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Red Itchy Bites on the Skin

by |
author image Jill Leviticus
Working at a humane society allowed Jill Leviticus to combine her business management experience with her love of animals. Leviticus has a journalism degree from Lock Haven University, has written for Nonprofit Management Report, Volunteer Management Report and Healthy Pet, and has worked in the healthcare field.
Red Itchy Bites on the Skin
A mosquito on skin. Photo Credit Roger De Marfà/iStock/Getty Images

A close encounter with an insect can leave you with a red itchy bite on your skin. Although itchy insect bites are usually not dangerous, they can make you uncomfortable for a few days. If home treatment doesn’t relieve your symptoms, your doctor can prescribe medication to reduce your itching.

Mosquitoes and Fleas

Itchy bites on the skin can occur after an insect ingests a small amount of your blood after biting you. When a female mosquito bites you, she deposits some of her saliva into your skin, according to MayoClinic.com. A red bump and itching occurs because your immune system reacts to the proteins in the saliva.

Flea bites aren’t just a problem for cats and dogs. The bloodsucking insects can also bite humans. Fleas usually bite humans around the ankles, knees, waist, armpits and elbows, although the resulting itchy rash can spread to other areas of the skin.

Considerations

If red itchy bites form on your skin during or after a trip, bedbugs may be to blame. Bedbugs are small, flat, brown insects that lurk in the cracks of upholstered furniture, mattresses, bed frames, curtains, dresser drawers and carpeting. Travelers can unknowingly transport bedbugs in their luggage, making hotels a prime spot to get bedbug bites. The U.S. Department of Environmental Protection reports that bedbugs feed on blood every five to 10 days, but can live up to one year without feeding.

Scabies

Red itchy bites can also occur if you have scabies, microscopic mites that are spread by close contact with an infested person. Mites are so small that they are difficult to see, but they can cause intense itching when they burrow into your skin. If you have scabies, you may notice itching before you actually see the red pimple-like bites on your skin. The American Academy of Dermatology reports that scabies is common in those who have close physical contact with others, such as children, mothers of young children, sexually active young adults and elderly people in nursing homes.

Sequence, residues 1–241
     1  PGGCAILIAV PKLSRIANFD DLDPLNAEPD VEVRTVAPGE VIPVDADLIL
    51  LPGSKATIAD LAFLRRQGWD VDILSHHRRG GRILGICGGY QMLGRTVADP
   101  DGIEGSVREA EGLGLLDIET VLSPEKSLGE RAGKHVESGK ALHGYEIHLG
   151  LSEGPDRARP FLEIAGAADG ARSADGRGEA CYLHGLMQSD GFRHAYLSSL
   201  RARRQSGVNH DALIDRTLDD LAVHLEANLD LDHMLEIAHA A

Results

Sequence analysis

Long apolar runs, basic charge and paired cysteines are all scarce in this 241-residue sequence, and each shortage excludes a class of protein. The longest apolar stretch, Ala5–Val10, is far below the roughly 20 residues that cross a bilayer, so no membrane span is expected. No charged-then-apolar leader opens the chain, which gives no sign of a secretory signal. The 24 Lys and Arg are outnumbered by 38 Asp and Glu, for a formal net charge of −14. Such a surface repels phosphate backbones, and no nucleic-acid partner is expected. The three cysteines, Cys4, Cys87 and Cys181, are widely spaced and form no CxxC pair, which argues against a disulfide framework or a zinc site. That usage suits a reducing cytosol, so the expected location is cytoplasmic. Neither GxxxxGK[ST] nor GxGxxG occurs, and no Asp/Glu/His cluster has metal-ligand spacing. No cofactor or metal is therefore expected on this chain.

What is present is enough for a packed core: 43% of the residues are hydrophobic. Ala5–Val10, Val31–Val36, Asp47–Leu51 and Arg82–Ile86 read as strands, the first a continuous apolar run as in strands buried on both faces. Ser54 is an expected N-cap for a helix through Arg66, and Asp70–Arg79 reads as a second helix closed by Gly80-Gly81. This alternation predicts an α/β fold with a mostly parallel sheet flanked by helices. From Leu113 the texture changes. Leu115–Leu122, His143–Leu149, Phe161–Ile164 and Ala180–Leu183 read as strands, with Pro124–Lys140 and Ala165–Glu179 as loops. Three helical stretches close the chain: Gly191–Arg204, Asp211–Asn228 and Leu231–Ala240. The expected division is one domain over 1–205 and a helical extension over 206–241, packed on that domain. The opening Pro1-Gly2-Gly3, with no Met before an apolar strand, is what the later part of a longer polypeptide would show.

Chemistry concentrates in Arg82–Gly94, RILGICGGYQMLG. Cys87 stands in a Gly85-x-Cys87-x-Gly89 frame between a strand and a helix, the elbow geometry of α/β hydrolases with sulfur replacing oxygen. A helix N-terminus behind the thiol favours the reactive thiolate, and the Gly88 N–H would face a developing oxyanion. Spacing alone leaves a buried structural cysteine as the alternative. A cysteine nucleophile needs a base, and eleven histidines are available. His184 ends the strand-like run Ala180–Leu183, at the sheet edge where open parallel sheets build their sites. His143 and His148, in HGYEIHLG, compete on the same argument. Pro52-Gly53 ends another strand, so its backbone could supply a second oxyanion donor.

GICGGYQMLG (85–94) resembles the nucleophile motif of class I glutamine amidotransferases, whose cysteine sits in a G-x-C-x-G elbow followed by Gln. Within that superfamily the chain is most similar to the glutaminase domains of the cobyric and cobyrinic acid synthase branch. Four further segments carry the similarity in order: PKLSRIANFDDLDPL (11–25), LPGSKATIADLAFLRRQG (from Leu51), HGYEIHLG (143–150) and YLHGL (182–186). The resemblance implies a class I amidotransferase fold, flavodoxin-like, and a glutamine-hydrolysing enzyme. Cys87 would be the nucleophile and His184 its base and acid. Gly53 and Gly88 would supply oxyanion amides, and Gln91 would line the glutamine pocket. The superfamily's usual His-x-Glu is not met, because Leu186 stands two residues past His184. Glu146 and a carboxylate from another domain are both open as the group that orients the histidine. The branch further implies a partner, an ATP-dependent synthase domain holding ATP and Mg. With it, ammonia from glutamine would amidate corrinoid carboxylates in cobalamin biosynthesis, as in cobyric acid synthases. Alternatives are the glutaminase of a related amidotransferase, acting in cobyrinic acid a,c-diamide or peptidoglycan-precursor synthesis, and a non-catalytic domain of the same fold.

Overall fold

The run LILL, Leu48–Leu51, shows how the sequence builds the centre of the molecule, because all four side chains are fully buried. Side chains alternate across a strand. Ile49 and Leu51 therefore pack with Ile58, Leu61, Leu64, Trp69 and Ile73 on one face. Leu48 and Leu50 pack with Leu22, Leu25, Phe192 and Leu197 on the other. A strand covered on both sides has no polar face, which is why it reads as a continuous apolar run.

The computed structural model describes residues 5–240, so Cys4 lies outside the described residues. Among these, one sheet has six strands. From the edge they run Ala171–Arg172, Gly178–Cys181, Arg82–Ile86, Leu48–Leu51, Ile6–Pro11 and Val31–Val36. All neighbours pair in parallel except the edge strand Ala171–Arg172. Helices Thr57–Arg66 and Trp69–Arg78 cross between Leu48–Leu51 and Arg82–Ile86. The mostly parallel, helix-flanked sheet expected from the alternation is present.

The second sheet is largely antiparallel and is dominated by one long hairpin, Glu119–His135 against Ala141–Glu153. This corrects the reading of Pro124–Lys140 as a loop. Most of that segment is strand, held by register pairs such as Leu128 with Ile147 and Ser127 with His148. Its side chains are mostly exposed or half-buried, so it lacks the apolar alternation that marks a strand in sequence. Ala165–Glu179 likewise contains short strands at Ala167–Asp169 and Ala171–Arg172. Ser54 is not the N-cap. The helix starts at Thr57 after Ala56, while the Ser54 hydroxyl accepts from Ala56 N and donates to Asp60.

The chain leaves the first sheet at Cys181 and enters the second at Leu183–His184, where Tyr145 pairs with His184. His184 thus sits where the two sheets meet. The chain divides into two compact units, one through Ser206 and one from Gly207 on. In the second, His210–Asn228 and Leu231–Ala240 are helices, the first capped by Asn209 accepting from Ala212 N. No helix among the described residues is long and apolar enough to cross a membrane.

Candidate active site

Treatment

Hydrocortisone cream or ointment, calamine lotion and oatmeal baths can help relieve itching caused by insect bites. If these treatments don’t help, over-the-counter oral antihistamines may be needed. Antihistamines prevent allergens from causing symptoms. In some cases, your doctor may prescribe stronger medications if over-the-counter medications are ineffective.

Doctors prescribe permethrin or lindane cream or lotion to treat scabies. The medication remains on the skin overnight and is washed off in the morning. You may need to repeat the treatment one week after the initial cream application. If bedbugs, fleas or scabies are the source of your bites, it is important to wash bedding, clothing and stuffed animals to remove the insects or mites. It may also be necessary to treat your home with pesticides to prevent a reinfestation.

Warning

It’s virtually impossible not to scratch when an insect bite causes intense itching, but scratching could make your problem even worse. Scratching a bite can lead to a bacterial infection or cellulitis, an infection of the deep skin and tissues of the body.

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